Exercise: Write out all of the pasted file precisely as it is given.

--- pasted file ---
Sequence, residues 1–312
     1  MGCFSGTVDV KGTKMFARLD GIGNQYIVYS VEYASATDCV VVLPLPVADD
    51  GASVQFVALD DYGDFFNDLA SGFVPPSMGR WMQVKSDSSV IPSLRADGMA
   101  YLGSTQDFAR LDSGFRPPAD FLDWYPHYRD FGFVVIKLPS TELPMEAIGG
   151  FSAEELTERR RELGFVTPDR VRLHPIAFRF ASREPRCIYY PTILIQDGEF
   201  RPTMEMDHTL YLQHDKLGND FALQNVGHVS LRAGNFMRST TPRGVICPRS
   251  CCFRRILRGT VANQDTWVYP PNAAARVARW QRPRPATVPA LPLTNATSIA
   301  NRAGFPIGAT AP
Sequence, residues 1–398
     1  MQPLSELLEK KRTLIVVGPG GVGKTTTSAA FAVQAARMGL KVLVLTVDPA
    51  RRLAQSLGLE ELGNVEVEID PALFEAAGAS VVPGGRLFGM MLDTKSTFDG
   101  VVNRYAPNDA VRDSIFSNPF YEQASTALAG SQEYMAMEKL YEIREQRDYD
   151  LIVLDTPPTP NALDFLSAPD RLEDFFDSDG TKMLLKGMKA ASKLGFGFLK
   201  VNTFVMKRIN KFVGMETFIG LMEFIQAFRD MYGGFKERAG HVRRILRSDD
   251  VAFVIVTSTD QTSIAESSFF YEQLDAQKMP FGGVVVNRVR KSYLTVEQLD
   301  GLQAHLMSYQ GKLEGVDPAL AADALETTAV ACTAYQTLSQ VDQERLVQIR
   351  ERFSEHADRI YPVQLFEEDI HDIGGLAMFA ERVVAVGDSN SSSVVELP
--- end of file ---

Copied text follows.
Sequence, residues 1–312
     1  MGCFSGTVDV KGTKMFARLD GIGNQYIVYS VEYASATDCV VVLPLPVADD
    51  GASVQFVALD DYGDFFNDLA SGFVPPSMGR WMQVKSDSSV IPSLRADGMA
   101  YLGSTQDFAR LDSGFRPPAD FLDWYPHYRD FGFVVIKLPS TELPMEAIGG
   151  FSAEELTERR RELGFVTPDR VRLHPIAFRF ASREPRCIYY PTILIQDGEF
   201  RPTMEMDHTL YLQHDKLGND FALQNVGHVS LRAGNFMRST TPRGVICPRS
   251  CCFRRILRGT VANQDTWVYP PNAAARVARW QRPRPATVPA LPLTNATSIA
   301  NRAGFPIGAT AP
Sequence, residues 1–398
     1  MQPLSELLEK KRTLIVVGPG GVGKTTTSAA FAVQAARMGL KVLVLTVDPA
    51  RRLAQSLGLE ELGNVEVEID PALFEAAGAS VVPGGRLFGM MLDTKSTFDG
   101  VVNRYAPNDA VRDSIFSNPF YEQASTALAG SQEYMAMEKL YEIREQRDYD
   151  LIVLDTPPTP NALDFLSAPD RLEDFFDSDG TKMLLKGMKA ASKLGFGFLK
   201  VNTFVMKRIN KFVGMETFIG LMEFIQAFRD MYGGFKERAG HVRRILRSDD
   251  VAFVIVTSTD QTSIAESSFF YEQLDAQKMP FGGVVVNRVR KSYLTVEQLD
   301  GLQAHLMSYQ GKLEGVDPAL AADALETTAV ACTAYQTLSQ VDQERLVQIR
   351  ERFSEHADRI YPVQLFEEDI HDIGGLAMFA ERVVAVGDSN SSSVVELP